Going to quit day job, just don't know when.

Discussion in 'Business Operations' started by thomas.creation, Nov 11, 2012.

  1. Roger

    Roger LawnSite Fanatic
    Messages: 5,943

    To the OP, you have said "follow your dreams." The most meat on that bone is "own my own business." That is admirable. But, it can take many forms.

    Your proposal for doing lawn maintenance sounds like nothing unique. From what you have said, you propose doing nothing different than the many others doing the same thing.

    You have an education, and you have teaching skills. You also have technical skills in the shop. There are three things that begin to set you apart from others. Pushing a lawn mower, trimming bushes, doing small installs -- nothing that many others cannot do. Why not take your unique set of skills and interests to leverage a business that utilizes these three things?

    You have not said you dislike teaching or the technical aspect of shop work. Maybe you like lawn service work much more, we don't know.

    As others have said well, your benefits far exceed anything you will be able to support on your own for a number of years after becoming successful. Leaving your education and shop skills on the shelf, just so you can own your own business may be a path to the swamps. Dreams are great. A good dose of reality is also great.
  2. thomas.creation

    thomas.creation LawnSite Member
    Messages: 43

    Thanks, I do enjoy teaching and I do have mechanic skills. I'm master ASE certified and have spent a few years in a shop. Cars are a passion of mine but I'm feeling burned out on both teaching and cars. Your advice is good and goes along with what most guys are saying. Many people have told me that I have the best of both worlds as of now. Solid job with good pay and plenty of free time to run my business. It's something I'm very aware of and need to remind myself of often so that I don't take it for granted.
  3. thomas.creation

    thomas.creation LawnSite Member
    Messages: 43

    Good to hear advice from a former shop teacher. How long did you teach for? Yes the shop equipment is def a plus. I have everything from cnc plasma tables to a/c equipment at my disposal. I live and teach in IL, pensions are on the cutting block as are heal benefits. We actually lost the right to choose our health care plan in this contract because the school is considering dropping us into the new fed health care program. I'm tenure at the end of this year (4). I've heard a lot of people say that at 10 years we can get some level of pension. I'll have to look into this as this is a very good point.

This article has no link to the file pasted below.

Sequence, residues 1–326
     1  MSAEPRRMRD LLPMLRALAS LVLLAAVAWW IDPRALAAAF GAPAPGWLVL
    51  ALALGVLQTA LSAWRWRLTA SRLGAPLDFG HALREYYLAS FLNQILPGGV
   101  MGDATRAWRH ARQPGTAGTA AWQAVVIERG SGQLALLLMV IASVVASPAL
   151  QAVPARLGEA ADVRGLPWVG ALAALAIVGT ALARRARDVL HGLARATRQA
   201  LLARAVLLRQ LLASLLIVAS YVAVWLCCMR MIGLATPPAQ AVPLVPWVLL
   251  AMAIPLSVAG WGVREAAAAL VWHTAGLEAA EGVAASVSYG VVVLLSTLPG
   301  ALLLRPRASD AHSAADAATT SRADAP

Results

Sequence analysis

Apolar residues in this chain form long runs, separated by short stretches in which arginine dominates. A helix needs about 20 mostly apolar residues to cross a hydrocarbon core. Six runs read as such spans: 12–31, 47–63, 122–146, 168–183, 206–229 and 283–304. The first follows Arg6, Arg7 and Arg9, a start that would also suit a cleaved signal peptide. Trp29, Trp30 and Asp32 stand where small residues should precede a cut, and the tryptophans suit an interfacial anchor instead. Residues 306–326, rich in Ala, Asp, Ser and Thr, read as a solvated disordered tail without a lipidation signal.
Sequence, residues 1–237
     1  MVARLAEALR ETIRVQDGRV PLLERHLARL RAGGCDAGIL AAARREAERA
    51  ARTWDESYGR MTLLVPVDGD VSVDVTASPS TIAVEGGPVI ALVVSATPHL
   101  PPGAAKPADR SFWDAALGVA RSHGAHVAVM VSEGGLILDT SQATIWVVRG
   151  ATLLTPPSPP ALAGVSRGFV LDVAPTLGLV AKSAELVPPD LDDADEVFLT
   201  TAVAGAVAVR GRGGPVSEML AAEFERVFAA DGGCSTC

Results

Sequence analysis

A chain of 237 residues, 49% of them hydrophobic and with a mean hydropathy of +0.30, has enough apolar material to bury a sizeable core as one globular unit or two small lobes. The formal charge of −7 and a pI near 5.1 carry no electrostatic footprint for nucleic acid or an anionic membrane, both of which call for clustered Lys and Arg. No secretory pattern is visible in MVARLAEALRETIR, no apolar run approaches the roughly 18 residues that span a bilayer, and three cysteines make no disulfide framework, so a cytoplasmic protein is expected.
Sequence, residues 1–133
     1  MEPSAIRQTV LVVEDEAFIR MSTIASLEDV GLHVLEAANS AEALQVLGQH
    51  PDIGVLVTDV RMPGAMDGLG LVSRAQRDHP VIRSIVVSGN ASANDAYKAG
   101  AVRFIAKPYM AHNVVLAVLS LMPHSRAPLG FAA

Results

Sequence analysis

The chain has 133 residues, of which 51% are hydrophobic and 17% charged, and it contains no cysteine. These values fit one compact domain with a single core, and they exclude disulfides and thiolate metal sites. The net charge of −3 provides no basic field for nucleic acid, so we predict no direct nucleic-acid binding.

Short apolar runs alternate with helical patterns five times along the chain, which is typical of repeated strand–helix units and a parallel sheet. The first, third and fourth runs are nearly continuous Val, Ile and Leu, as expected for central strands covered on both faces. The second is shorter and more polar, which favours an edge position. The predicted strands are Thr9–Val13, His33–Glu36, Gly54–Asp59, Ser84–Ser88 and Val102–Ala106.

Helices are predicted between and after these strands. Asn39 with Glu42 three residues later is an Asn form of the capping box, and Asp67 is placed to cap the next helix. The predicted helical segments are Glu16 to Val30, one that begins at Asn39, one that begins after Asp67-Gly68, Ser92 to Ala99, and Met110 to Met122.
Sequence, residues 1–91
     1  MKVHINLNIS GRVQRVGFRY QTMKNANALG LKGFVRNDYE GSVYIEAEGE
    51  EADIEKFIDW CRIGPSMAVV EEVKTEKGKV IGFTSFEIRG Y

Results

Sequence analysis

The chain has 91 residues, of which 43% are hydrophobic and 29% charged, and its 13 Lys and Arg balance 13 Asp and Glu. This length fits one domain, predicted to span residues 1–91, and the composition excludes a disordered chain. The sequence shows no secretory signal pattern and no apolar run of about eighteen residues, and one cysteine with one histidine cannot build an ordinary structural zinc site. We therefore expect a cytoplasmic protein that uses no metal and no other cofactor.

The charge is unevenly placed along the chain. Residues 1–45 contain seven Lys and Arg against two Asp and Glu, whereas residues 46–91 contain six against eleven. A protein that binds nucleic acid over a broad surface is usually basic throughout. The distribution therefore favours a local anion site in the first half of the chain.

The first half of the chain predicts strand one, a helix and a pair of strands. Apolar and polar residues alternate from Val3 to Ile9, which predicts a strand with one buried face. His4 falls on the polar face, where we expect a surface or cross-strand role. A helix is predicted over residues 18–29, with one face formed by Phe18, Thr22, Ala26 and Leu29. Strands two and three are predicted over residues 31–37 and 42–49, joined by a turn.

I have 10 houses that I do full service on. I'm nowhere near 50k. I could be if I was on my own.

    I really do appreciate the advice guys. I get the dear in the headlight look from most people when I discuss this crazy idea.
  4. gusbuster

    gusbuster LawnSite Bronze Member
    Messages: 1,933

    I"ll give you a spin then give you an opinion.

    Something that I will always ask somebody.....What kind of health history does your family have..

    To say the least, the best boss is somebody that stays out of the way of their employees, but is smart enough to get their hands dirty when necessary..

    Point i'm making is not everybody takes a company and then can sit behind a desk and run it. Some still work in the field because they have to, but hopefully you do it because you want to.

    If there is one regret that i have.......getting my health insurance paid for. Yes i pay my own health insurance and it is one of my biggest personal expenditures that i make. As part of my compensation, I pay myself part of my medical cost, but my family, can't do that. Even going through my states contractor's programs, still gets real steep when having to pay over a 1000 a month for a family of 4 with most of it because of my hypertension.

    Really think real hard about this.....
    paid vacations.......gone
    paid holidays.......gone
    retirement benefits.......gone
    health care benefits.....gone and a real pia specially if you have pre-existing conditions.
    most of all, even with insurance and even through no fault of you, you can loose EVERYTHING because of a natural disaster or an accident.

    If I have one regret....should of stayed a cop. At least i would have benefits and not worry whether i will be able to afford the next doctor bill. I wouldn't have to worry about making payroll because in one month I loose multi clients because of deaths and then have 2 major break downs with vehicles.

    I guess this is what I get for being in this trade since age 8.